Every part of it worthy of an upcharge on major cruise lines, this one is also part of the more-inclusive Viking Cruises experience. A multi-course extravaganza of Italian delight (seriously) this venue hits the mark for anyone well-versed in Italian eateries. Course by course (with a total of six possible), Manfredi’s could very well be the new gold bar standard of Italian eateries at sea.
A bustling venue where the movements of waiters go about in blurring speed, what happens via well-trained Viking chefs remains in clear focus, as it should. From beginning to end, Manfredi’s well-defined menu offers clear choices for diners in what can often be a confusing mess of options elsewhere.
Example: Pasta Fagioli, a standard staple in any decent Italian restaurant is served piping hot. So hot that shaved parmesan melts over the top when added just before hitting the tabletop. Impressive. But such is the case in many areas on Viking Cruises new Viking Star.
Frankly, I’m just eager to answer reader questions about this marvelous cruise experience, on a number of never-asked-before topics. Realizing no one may never ask the questions I am so prepared to answer, I’ll jump in here with some unique qualities owned by Viking Star that I have never experienced on any other ship.
- The Ship’s Aroma- I don’t know what it is that Viking pumps into the ventilation system of Viking Star but the ship smells wonderful. The aroma is most easily noticed on elevators and could be said to be much like fresh flowers. I know this because my first job, at age 12, was working in the walk-in coolers of a popular suburban Kansas City florist. Surrounded by flowers of all varieties, my job of cleaning things would later be remembered as my gold bar standard of how an ensemble of natural floral scents would tantilize the nose. The aroma of Viking Star is exactly like that. Seriously. No cruise ship sewer-smell. Ever.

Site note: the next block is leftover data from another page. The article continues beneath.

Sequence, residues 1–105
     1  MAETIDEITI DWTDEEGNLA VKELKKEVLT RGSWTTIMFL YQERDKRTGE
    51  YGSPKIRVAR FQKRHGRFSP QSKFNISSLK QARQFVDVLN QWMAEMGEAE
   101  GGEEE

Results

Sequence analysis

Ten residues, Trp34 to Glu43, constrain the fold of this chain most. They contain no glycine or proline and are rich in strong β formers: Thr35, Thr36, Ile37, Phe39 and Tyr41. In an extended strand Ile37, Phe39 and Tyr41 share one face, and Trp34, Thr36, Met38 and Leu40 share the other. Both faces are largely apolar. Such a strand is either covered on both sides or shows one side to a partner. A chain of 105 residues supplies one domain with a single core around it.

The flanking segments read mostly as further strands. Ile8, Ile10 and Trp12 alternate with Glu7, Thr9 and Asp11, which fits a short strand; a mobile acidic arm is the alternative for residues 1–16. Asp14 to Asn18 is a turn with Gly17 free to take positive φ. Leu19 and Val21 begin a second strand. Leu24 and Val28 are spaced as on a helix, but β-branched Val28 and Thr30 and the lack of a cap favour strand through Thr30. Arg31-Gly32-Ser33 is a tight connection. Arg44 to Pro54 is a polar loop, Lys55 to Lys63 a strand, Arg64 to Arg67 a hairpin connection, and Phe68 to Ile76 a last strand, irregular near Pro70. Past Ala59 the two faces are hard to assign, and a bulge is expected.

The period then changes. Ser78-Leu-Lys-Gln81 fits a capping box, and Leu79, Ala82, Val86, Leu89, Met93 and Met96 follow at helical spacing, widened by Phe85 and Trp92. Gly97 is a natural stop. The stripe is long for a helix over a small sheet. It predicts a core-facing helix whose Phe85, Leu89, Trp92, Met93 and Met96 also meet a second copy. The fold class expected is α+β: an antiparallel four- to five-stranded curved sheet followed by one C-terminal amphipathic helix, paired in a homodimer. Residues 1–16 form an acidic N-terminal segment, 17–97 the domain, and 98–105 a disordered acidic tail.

- They Engage And They Work, Both Hard– Crew members here, under the tutelage of veteran Hotel Director Karl Eckl of Seabourn fame, take the time to chat for moments on end when they have the time. Bump up the challenge to include a bus load of passgengers returning from being on tour and they jump into action, taking care of business in a way that even the most critical of snarky cruise passengers would find pleasing..and those people, on other lines, never find anything pleasing. It’s like Viking said to Karl: Do whatever you need to do to make this the best possible cruise experience.